Date: 19 September 2012
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AusCERT Vulnerability Disclosure Policy
This policy outlines how AusCERT will handle the disclosure of new information about computer software or hardware vulnerabilities that have been reported to AusCERT and which are not yet in the public domain.
What is responsible disclosure?
The responsible disclosure process is intended to balance the need to inform the community about computer security vulnerabilities and threats, against the risk of knowledge of the vulnerability becoming available to malicious parties prior to a remediation becoming available. Under a responsible disclosure policy, a security vulnerability in a computer product or service is reported to the vendors/software developers of the affected product/service, prior to the formal public disclosure of the vulnerability to allow the vendor/software developers time to prepare a response (eg a patch, mitigation or advisory) that is in the best interests of the community.
In the event that a vendor/software developer has not yet corrected the vulnerability within the 45 day period, under a responsible disclosure policy, the information about the vulnerability will be disclosed so that affected organisations/users of the computer software or product may themselves be aware of the problem and take mitigation action, if possible. This is considered beneficial in case an attacker has knowledge of the vulnerability and would be freely able to exploit it.
As part of its role, AusCERT receives information about security vulnerabilities in computer hardware and software, closed or open source. These reports of vulnerability are received from a variety of public and private sources, or may be discovered by AusCERT. AusCERT, in its mission to disseminate information to its constituency, has a duty to responsibly disclose them.
AusCERT reserves the right to publish on its web site any reported vulnerability no later than 45 days after AusCERT notifies the affected vendor/software developer, even if a security patch or mitigation is unavailable.
Vendors, and affected software developers will be notified about the vulnerability (if the reporter has not already done so) as soon as possible, and be given the opportunity to confirm the vulnerability; develop a patch to correct the vulnerability, and invited to actively participate in the drafting of the vulnerability disclosure advice within the same 45 day period.
Unless otherwise requested by the reporter, AusCERT will advise the vendor/software developer of the name and contact details of the reporter, and provide credit to the reporter who discovered the vulnerability in any formal advice published.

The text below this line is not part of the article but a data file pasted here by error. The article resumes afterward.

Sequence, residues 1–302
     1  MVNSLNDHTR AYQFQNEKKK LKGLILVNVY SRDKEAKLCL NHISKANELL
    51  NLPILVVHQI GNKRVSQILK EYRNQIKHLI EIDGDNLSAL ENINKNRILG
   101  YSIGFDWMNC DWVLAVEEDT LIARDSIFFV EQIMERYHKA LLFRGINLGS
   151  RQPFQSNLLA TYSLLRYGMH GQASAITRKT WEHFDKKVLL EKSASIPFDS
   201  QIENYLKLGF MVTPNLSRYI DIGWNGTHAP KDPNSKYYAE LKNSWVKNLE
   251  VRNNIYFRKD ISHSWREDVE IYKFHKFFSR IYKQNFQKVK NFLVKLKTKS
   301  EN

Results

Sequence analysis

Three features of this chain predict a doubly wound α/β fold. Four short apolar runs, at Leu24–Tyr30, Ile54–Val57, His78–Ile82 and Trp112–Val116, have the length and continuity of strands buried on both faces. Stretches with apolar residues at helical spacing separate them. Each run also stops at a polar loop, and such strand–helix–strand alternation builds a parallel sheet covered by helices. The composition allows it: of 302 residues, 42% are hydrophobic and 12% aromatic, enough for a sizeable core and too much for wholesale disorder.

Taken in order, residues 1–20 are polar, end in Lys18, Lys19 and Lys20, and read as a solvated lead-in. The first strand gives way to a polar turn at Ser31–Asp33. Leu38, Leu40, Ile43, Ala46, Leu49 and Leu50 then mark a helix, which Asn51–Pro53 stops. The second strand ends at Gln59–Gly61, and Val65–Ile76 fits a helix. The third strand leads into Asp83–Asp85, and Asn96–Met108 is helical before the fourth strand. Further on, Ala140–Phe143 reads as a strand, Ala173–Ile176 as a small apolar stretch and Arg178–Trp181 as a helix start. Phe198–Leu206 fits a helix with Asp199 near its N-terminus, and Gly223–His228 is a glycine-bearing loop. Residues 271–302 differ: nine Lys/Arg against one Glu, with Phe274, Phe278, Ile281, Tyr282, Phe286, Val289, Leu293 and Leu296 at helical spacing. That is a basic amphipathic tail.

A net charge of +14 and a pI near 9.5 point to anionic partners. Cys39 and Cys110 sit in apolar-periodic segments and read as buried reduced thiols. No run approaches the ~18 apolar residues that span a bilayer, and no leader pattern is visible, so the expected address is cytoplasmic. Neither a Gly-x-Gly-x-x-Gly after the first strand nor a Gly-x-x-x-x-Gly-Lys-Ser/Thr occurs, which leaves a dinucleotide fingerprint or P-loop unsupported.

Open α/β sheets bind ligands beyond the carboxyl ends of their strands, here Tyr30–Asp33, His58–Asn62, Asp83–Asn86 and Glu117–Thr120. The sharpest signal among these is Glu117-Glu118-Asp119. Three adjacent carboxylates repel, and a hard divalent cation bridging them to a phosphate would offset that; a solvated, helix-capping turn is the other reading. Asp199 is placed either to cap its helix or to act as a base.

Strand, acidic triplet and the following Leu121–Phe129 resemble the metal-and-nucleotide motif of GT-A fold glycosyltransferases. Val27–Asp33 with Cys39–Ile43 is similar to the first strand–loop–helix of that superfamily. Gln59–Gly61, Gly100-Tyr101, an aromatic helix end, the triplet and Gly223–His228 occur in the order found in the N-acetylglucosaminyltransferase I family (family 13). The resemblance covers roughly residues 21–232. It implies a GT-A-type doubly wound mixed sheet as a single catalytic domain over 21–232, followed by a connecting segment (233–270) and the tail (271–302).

Publication may occur sooner, either with or without the involvement of the vendor/software developer if, for example:
- knowledge of the vulnerability becomes public via other sources and there is a serious risk of exploitation, or
- exploitation of the vulnerability appears to be occurring, or highly probable, eg due to the existence of proof-of-concept exploitation code.
AusCERT will publish vulnerability information in the form of AusCERT External Security Bulletins (ESB), AusCERT Security Bulletins (ASB) and/or by other, more informal channels, such as blogs or Twitter.
Will AusCERT publish every instance of vulnerability it becomes aware of?
Where possible, AusCERT will assess the reliability of the information and the risk users of the affected software/product face, ie severity of the harm if the vulnerability is exploited and the ease with which the vulnerability can be exploited, in determining whether to publish or not.
Why 45 days?
AusCERT has adopted the CERT/CC’s timeline as an appropriate time period for responsible disclosure. This is regarded as a reasonable period of time for a vendor/software developer to assess the information about the vulnerability and prepare an appropriate response.
AusCERT gratefully acknowledges the contribution CERT/CC has made to responsible vulnerability disclosure for many years. This policy shares many of the principles and goals of that policy.
Publishing a responsible disclosure policy is desirable to help manage the expectations of:
- the users/organisations that rely on computer emergency response teams and/or vendors to notify them about computer security vulnerabilities in order to mitigate the harm to their systems and data,
- vulnerability researchers who need to understand whether their research will be taken seriously by those who can help facilitate responsible disclosure; and
- vendors/software developers who need to understand that publication of vulnerabilities will occur within specific timeframes and hence they should endeavour to work in a responsible way to mitigate the vulnerability before disclosure occurs.
- AusCERT Vision and Mission Statement http://www.auscert.org.au/1936
- ASBs are AusCERT member only content. After 30 days, the access restrictions to this content is removed and the information becomes fully public.
- CERT/CC Vulnerability Disclosure Policy http://www.cert.org/kb/vul_disclosure.html